But the sun did come up on November 5 and there is still a need to make a difference in our hometown.  We still need to accelerate our community’s competitiveness and we appreciate how the process has raised awareness about jobs and economic development.

In addition, this community should continue to address water, transit and street repairs.  Addressing these community needs will take positive ideas from all citizens and we encourage you to continue sharing your ideas with members of the City Council.

Now is not the time to stop discussing solutions to the challenges that face us.  The community belongs to all of us and sales tax proponents and opponents must be included in the ongoing conversation surrounding these challenges.

One of the many positive byproducts of the recent campaign was the number of diverse groups that came together to form a broad coalition for community advancement. We need to ensure the coalition and additional partners continue to work together to improve our community.

As for the Chamber and Greater Wichita Economic Development Coalition, we still have a job to do in growing our economyWe have an outstanding staff at GWEDC and we’re proud of the work they’ve done the past 11 years to retain or create more than 20,000 jobs in our region.  That team, working closely with local government and other partners, will continue to help existing and new companies create jobs.  We will also work with Wichita State University and other partners, through the Blueprint for Regional Economic Growth, to identify opportunities to diversify our regional economy.

I want to thank our elected officials for giving the opportunity to vote on this issue.  I also applaud the Chamber Board of Directors and Leadership Council for their courage in leading a community discussion of the issues we face and the options for resolving them.

The Yes Wichita campaign did a tremendous job of running a civil campaign with honor and integrity that was full of positive energy and effort.  We want to commend the campaign leadership and all of the volunteers who worked so hard on moving the community forward.  We appreciate the passion and funds they contributed to this important cause.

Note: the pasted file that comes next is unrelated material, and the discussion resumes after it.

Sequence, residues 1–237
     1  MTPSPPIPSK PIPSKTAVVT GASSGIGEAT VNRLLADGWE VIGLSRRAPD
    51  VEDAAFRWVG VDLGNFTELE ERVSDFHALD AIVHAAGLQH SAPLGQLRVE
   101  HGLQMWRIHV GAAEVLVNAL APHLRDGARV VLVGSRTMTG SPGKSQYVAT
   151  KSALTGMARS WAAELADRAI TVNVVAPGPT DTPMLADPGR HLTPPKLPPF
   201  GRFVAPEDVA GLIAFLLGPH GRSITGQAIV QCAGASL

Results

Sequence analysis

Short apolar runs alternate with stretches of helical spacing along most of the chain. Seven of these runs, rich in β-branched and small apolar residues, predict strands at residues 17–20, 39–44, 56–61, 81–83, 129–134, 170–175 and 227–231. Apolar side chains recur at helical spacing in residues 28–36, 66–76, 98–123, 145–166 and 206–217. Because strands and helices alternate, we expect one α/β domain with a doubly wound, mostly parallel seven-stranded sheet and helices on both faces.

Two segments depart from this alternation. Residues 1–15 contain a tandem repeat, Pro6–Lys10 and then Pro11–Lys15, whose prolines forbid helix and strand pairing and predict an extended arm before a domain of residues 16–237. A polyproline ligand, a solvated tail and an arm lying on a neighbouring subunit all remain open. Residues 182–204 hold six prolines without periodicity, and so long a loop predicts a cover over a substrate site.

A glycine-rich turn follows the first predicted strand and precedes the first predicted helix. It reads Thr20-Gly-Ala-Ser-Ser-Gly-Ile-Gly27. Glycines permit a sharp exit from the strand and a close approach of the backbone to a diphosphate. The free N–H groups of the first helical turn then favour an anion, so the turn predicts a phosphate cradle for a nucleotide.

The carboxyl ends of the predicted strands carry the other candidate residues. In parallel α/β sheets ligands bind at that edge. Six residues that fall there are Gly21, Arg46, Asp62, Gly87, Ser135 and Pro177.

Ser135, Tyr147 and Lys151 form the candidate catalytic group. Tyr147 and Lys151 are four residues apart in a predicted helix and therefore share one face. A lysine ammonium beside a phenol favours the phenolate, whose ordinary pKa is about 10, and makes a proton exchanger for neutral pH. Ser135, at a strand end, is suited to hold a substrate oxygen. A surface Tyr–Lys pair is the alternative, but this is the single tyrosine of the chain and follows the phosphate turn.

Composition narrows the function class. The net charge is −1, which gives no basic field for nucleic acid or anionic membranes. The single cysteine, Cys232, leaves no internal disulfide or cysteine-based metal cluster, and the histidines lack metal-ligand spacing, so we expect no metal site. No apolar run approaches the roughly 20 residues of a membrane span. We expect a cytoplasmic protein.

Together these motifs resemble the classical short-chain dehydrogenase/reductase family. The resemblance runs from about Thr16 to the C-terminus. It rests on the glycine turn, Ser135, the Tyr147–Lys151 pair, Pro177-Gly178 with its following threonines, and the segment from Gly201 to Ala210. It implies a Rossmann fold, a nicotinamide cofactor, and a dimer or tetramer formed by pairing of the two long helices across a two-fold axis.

Let’s all continue this important work!

Defining Wichita’s Brand

How should Wichita tell its story to prospective employees, visitors, conventioneers, students, developers, artists, business owners, and entrepreneurs?

A unique partnership between Go Wichita Convention and Visitors Bureau, Wichita Metro Chamber of Commerce, Greater Wichita Economic Development Coalition (GWEDC), Wichita Downtown Development Corporation, Wichita Community Foundation and Wichita State University has been formed to work together to develop a comprehensive community wide strategy on how Wichita will tell its story. The public is invited to attend and provide input about Wichita’s brand at one of two workshops that will be held at the Wichita Scottish Rite Center (332 E. 1st St. N.). The sessions are Tuesday, September 2 or Wednesday, September 3. Both sessions will be from 5-7 p.m.

“Selling our community is about finding a way to demonstrate our uniqueness in the marketplace and the brand summit is how we accomplish this task. The Chamber and GWEDC are excited to be part of, what we believe will be, an extremely successful new initiative,” said Tim Chase, president of the Greater Wichita Economic Development Coalition.

Gary Plummer, president and CEO of the Wichita Metro Chamber, says that public input will help the coalition of brand partners to develop a better product and plan. “We’re strongly encouraging our members to actively participate in one of these sessions. We need their ideas and input about how to incorporate the best of Wichita in our community brand.”

The sessions don’t require a reservation to attend, and they are free and open to the public.

See the official press release and learn more at


New Jobs and Investment in Sedgwick County

By Tim Chase, GWEDC President
A vital part of the Greater Wichita Economic Development Coalition’s (GWEDC) mission is to help retain and expand local job growth. This week’s announcement about Reiloy Westland Corporation’s expansion demonstrates how GWEDC works with other agencies to ensure that well-paying manufacturing jobs don’t leave South Central Kansas. You can read more about those expansion plans in the company’s news release and the Wichita Eagle article.

Once the company determined the need for expansion, President Dave Larson considered moving the business from their current Sedgwick County location to the Chicago area. Larson said, “We’re landlocked at our current site, so we couldn’t consider staying at the Maize Road location. We needed to relocate our machinery and assets. The Chicago area was attractive to me for a variety of reasons. I’m from that area of the Midwest and Chicago is much closer to our company’s largest customers.  Maize and other communities within the state of Kansas were considered and once they found out we were serious about moving, they were eager to partner with us. A number of communities offered us a variety of financial incentives to relocate, including a community that offered us a free building.”